But it’s worth considering the situation at the time. Faction tensions were at a high, in the wake of the Wrathgate, the Battle for the Undercity, and finally the Broken Front. Could the Horde and the Alliance be trusted to work together in Icecrown Citadel, when they’d already backstabbed and demolished one another out in Icecrown itself?
In placing Garrosh Hellscream across an arena from Varian Wrynn and asking them to be civil, the Argent hosts could gauge the probability that the Horde and the Alliance could work together at all when it came to the big attack. Essentially the Trial of the Crusader was a trial not of might but of tolerance.
Both factions failed it.
The third encounter of the raid instance was made up of the Faction Champions, who jumped down into the arena at their leader’s insistence, in direct defiance of their Argent hosts, to fight the raid. Just before the final advance against the Lich King, when they desperately needed to work together, the Horde and the Alliance turned on one another.
It's a clever thing to reference. As Sky Admiral Rodgers raves of the Horde's barbarism, shortly after giving the order to gun down unarmed soldiers, and General Nazgrim talks of how the natives can ‘stand tall with the Horde’ as though they’ve never done so before, the historical pig-headedness of the Horde and Alliance is referenced in the very armour you’re wearing as you watch on.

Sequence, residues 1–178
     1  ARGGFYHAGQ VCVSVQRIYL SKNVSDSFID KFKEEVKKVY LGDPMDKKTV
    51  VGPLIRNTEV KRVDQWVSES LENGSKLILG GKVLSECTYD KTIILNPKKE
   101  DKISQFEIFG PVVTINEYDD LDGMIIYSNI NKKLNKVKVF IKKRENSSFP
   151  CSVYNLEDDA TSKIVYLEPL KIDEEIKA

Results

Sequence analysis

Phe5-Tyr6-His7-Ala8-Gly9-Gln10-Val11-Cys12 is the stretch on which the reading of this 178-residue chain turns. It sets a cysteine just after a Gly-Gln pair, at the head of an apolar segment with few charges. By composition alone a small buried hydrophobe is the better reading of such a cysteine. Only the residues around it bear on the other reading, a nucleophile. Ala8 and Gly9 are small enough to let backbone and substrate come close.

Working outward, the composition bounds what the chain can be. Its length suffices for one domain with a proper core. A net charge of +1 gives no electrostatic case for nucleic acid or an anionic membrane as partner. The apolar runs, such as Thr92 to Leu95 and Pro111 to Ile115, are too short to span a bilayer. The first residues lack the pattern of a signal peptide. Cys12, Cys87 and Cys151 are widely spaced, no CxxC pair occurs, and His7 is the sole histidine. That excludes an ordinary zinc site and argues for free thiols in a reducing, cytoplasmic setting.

In putting us in this set, the writers have placed an abridged account of the recent history of the faction conflict into every scene. When Lorewalker Cho observes that you've seen a lifetime of war, you're essentially wearing it.
But what happens next?
Departure of the loyal soldier
Let’s not mince words here, what your character does is desertion. You’re granted leave from the main camp to meet with Lorewalker Cho, and when you’re done with that... you just keep going. You help a Pandaren couple gain their parents’ approval, you train at a monastery, you gather jade, you’re drawn into a new world that does not immediately appear to have anything like the strife and violence of your own.
You’re away from your faction for what must be days or weeks. Your character runs around absorbing all this new culture, learning about them, helping them, earning people’s trust and favour and respect, and as you do so your faction armour is replaced.
This new armour is somewhat like tier nine in that you gain recolours of a basic cloth, leather, mail or plate set. Unlike tier nine, these recolours are shared cross-faction. The boundaries of class and allegiance alike are removed.
As you forget your faction task and delve into Pandaren society instead, you visually begin to return to a neutrality of sorts. By the time you’re called back to camp by an angry Horde or Alliance missive, you’re visually much closer to your Pandaren allies than the group of people who have militarised some of the natives. You’re perfectly placed to feel the shock of the destruction wrought by your faction as strongly as Cho and the others.
For a storyline that’s been in dire need of some subtlety ever since Deathwing decided to flap around setting the world alight, the Jade Forest is downright beautiful.